The city of Granada, Spain is well known for two things - the Alhambra, which is a huge red fort on an equally huge hill, and Alhambra beer...which is particularly good after climbing a huge hill and wandering around a huge red fort called the Alhambra!
(1) the size and beauty of the Alhambra and how majestically imposing it looked under the full moon. I could only imagine that if I were a sergeant who had been given the order to, "Take the fort!" how I would have reacted to my captain:
Captain: Good news, Sergeant Bursi. We want you to storm the Alhambra!
Me : You want me to do what??
Captain: Storm the Alhambra. Get your men and go get those evil Moors off that hill.
Me: Have you seen the Alhambra, sir?
Captain: I've read about it.
Me: Have you seen it, sir?
Captain: I've seen it on a map. It looks like it's on a hill. Must be a nice view, eh?
Me: Permission to speak freely, sir! (big salute)
Captain: Of course, Sergeant Bursi. At ease. You know that I value your opinion.
Me: Thank you, sir. The Alhambra is a fort with 40 foot walls on top of a hill that is over 1,000 feet high. For us to attack would be insane. We would get slaughtered. We'd have to use both hands just to hold on to the rocks as we climb the mountain. It's that steep!
Captain: Hmmmmm. I'd like to change my mind, Sergeant...from now on... when I ask your opinion... I'll tell you what it is!
Me: I understand Sir. In the meantime, I'll just go rot in your brig while I await the invention of the airplane.
(2) The second impressive thing we saw during our climbing of the adjacent hill was a little outdoor cafe. We were the only customers for awhile until a man showed up with a dog. As he passed a table, he sat down as if he were going to eat and his dog sat on the ground as if he was waiting to be shown to a seat. So the man said, "Siento! and pointed to an empty chair across the table. Up jumped the dog on to the seat. But here's the best part.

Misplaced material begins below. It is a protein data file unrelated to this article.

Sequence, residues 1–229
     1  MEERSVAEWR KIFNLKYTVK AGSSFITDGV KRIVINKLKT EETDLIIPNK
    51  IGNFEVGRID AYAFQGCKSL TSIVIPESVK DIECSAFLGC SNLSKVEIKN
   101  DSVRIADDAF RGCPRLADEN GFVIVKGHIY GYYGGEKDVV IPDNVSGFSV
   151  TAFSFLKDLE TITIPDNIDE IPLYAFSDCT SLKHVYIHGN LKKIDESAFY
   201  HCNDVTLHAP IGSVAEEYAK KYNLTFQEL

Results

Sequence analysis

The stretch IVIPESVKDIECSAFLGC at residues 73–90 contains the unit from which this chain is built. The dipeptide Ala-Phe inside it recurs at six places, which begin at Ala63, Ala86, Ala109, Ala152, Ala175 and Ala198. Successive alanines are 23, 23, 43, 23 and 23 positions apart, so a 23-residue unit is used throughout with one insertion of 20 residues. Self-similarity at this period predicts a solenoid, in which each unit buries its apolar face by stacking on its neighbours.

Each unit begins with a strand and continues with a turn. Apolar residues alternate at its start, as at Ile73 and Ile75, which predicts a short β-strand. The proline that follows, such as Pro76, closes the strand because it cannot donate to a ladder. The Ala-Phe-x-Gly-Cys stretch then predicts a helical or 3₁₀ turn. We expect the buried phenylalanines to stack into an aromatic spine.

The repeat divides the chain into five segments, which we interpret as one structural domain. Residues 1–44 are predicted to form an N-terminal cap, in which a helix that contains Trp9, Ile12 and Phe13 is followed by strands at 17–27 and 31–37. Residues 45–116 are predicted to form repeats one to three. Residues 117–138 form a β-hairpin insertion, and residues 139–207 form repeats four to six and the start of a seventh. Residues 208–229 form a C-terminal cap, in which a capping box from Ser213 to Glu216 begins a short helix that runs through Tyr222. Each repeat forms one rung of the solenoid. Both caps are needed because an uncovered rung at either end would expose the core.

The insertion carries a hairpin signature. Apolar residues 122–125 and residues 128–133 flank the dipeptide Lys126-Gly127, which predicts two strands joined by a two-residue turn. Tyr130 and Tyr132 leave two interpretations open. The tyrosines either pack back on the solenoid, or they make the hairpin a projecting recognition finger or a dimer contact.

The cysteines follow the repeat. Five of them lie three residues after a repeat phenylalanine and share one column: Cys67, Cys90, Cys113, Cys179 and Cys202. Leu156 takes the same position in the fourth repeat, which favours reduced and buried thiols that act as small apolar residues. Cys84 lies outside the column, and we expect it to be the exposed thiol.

After the Catholics retook Spain and the Alhambra, the old fort was left empty and began to deteriorate until the 1831, when an American, Washington Irving, wrote about it in "Tales of the Alhambra" . Boom! Money poured in and it was restored. Again, I think someone said:
Engineer - We want you to restore the Alhambra
Carpenter - Excellent idea. Let's wait a few more years, so that when the helicopter is invented, we can have the 2x4's delivered.
Our ascent to the top of the hill was as steep as I remembered from the night before. The roads presented many an obstacle as they were extremely narrow, which turned out to be a good thing as it forced the cars to slow down to just "break neck" speed. Rarely did we see a car in this part of Granada that didn't have scrapes on the sides of it's mirrors or doors.
Call me naive, but I'm thinking that if I owned a car in Granada, it would be a motorcycle or a 20 years old junker.
At times we were met by:
such as this fellow
Upon reaching the top, and sweating profusely, we reached the gates to the Alhambra, which meant that we only had another 1/2 hour to walk uphill, but at least it was through some English gardens.
When Zack is impressed by a building, I know it's an impressive building. It was an amazing feat to build such a monster on such a monstrous hill. To give an idea of what the Alhambra meant to the Arabs, Granada was the last stronghold of Arabs in Europe. It lasted 250 years after the previous capital of the Moors/Arabs fell. 250 years!!
That is longer than the USA has been a country!
The Alhambra was a great visit because it gave us an inclination as to how insignificant we are. That it can be built and exist for hundreds of years... and merely be a footnote in a history book, is amazing. What will people 500 years from now remember about the last 50-60 years?? It won't be whether or not I look dorky in my gray socks and short pants, will it?
Zack says it will!